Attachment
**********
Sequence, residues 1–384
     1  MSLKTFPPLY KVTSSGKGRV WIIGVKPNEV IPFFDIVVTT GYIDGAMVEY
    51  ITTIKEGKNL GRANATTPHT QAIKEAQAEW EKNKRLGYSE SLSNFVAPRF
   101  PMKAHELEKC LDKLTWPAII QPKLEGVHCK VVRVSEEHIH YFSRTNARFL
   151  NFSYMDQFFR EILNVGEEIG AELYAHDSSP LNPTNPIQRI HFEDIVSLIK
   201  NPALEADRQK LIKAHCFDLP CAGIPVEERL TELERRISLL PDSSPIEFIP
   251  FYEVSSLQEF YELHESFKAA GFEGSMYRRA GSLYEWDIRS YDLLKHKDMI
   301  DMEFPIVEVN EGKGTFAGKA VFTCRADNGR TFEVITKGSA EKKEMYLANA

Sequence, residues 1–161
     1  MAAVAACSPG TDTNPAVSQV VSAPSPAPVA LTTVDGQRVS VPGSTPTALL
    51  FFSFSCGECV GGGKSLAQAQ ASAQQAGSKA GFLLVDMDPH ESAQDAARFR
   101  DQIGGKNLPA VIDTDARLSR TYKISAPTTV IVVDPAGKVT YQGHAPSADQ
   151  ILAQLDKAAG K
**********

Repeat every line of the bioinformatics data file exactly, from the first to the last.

Sequence, residues 1–384
     1  MSLKTFPPLY KVTSSGKGRV WIIGVKPNEV IPFFDIVVTT GYIDGAMVEY
    51  ITTIKEGKNL GRANATTPHT QAIKEAQAEW EKNKRLGYSE SLSNFVAPRF
   101  PMKAHELEKC LDKLTWPAII QPKLEGVHCK VVRVSEEHIH YFSRTNARFL
   151  NFSYMDQFFR EILNVGEEIG AELYAHDSSP LNPTNPIQRI HFEDIVSLIK
   201  NPALEADRQK LIKAHCFDLP CAGIPVEERL TELERRISLL PDSSPIEFIP
   251  FYEVSSLQEF YELHESFKAA GFEGSMYRRA GSLYEWDIRS YDLLKHKDMI
   301  DMEFPIVEVN EGKGTFAGKA VFTCRADNGR TFEVITKGSA EKKEMYLANA

Sequence, residues 1–161
     1  MAAVAACSPG TDTNPAVSQV VSAPSPAPVA LTTVDGQRVS VPGSTPTALL
    51  FFSFSCGECV GGGKSLAQAQ ASAQQAGSKA GFLLVDMDPH ESAQDAARFR
   101  DQIGGKNLPA VIDTDARLSR TYKISAPTTV IVVDPAGKVT YQGHAPSADQ
   151  ILAQLDKAAG K